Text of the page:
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Learning and Sophistication in Coordination Games

  • Kyle Hydman

    (Department of Economics - Southern Methodist University)

  • Antoine Terracol

    ()

    (CES - Centre d'économie de la Sorbonne - CNRS : UMR8174 - Université Paris I - Panthéon-Sorbonne, EEP-PSE - Ecole d'Économie de Paris - Paris School of Economics - Ecole d'Économie de Paris)

  • Jonathan Vaksmann

    ()

    (CES - Centre d'économie de la Sorbonne - CNRS : UMR8174 - Université Paris I - Panthéon-Sorbonne)

This paper studies the role of strategic teaching in coordination games and whether changing the incentives of players to teach leads to more efficient coordination. We ran experiments where subjects played one of four coordination games in constant pairings, where the incentives to teach were varied along two dimensions--the short run cost of teaching and the long run benefit to teaching. We show which aspects of the game lead subjects to adopt long run teaching strategies, and show that subjects try to manipulate their opponent's actions to pull them out of a situation of coordination failure. We also show that extending a model of decision making by introducing a forward-looking component helps to track teachers' behaviour more accurately, and describes the way players behave in a more unified way across both teachers and learners.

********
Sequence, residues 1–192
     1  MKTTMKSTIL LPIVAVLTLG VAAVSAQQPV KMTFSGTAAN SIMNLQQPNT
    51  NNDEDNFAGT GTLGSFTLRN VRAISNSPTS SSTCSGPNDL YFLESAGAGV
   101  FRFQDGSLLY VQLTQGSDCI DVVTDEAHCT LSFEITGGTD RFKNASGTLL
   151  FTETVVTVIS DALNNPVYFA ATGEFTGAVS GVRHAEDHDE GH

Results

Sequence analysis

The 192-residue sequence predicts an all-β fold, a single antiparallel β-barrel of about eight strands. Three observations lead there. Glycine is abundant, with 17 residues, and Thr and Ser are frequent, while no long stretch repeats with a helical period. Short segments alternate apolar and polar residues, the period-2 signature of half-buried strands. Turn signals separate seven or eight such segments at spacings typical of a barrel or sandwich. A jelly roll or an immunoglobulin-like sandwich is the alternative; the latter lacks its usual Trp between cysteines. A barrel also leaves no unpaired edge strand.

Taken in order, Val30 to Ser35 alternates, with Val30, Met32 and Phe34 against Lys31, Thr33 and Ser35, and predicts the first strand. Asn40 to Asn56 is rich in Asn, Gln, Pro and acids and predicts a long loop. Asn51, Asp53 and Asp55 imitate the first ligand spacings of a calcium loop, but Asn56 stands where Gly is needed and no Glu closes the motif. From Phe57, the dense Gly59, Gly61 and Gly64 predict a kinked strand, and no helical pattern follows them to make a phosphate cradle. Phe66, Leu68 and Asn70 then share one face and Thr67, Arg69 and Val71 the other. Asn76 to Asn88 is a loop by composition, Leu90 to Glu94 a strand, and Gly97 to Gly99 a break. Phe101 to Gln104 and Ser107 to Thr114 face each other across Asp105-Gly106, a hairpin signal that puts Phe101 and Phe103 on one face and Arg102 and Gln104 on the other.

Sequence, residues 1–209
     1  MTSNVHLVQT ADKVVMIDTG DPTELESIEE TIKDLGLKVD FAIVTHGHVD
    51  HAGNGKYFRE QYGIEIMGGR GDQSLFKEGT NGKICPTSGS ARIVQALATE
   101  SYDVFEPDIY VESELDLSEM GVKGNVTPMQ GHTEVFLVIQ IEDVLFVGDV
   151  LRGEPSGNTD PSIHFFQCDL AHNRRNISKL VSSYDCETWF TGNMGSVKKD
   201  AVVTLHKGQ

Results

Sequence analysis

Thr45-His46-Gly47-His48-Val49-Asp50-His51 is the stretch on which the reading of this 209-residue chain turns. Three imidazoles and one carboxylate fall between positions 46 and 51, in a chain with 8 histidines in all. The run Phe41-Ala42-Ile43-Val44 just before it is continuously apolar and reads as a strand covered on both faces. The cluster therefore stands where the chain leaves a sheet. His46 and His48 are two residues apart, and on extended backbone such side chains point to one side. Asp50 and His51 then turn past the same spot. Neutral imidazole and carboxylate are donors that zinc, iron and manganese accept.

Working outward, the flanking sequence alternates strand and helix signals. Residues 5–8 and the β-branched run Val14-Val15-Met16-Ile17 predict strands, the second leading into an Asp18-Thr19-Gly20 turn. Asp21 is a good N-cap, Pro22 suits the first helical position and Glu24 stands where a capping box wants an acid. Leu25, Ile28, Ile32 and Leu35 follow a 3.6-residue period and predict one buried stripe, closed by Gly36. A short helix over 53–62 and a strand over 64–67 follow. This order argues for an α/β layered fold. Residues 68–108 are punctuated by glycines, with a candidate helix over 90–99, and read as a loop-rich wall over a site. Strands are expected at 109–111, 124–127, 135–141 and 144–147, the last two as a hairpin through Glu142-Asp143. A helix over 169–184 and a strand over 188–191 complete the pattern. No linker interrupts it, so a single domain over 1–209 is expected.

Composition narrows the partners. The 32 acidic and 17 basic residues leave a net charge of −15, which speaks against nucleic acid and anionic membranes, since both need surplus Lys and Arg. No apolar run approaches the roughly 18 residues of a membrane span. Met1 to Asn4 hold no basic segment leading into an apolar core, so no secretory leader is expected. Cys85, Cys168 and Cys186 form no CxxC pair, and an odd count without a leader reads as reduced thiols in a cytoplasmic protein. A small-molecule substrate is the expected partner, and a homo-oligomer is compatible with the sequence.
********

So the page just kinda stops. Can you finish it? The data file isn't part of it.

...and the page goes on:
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Paper provided by HAL in its series Université Paris1 Panthéon-Sorbonne (Post-Print and Working Papers) with number hal-00607232.

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Date of creation: 2009
Date of revision:
Publication status: Published, Experimental Economics, 2009, 12, 4, 450-472
Handle: RePEc:hal:cesptp:hal-00607232
Note: View the original document on HAL open archive server: http://hal.archives-ouvertes.fr/hal-00607232
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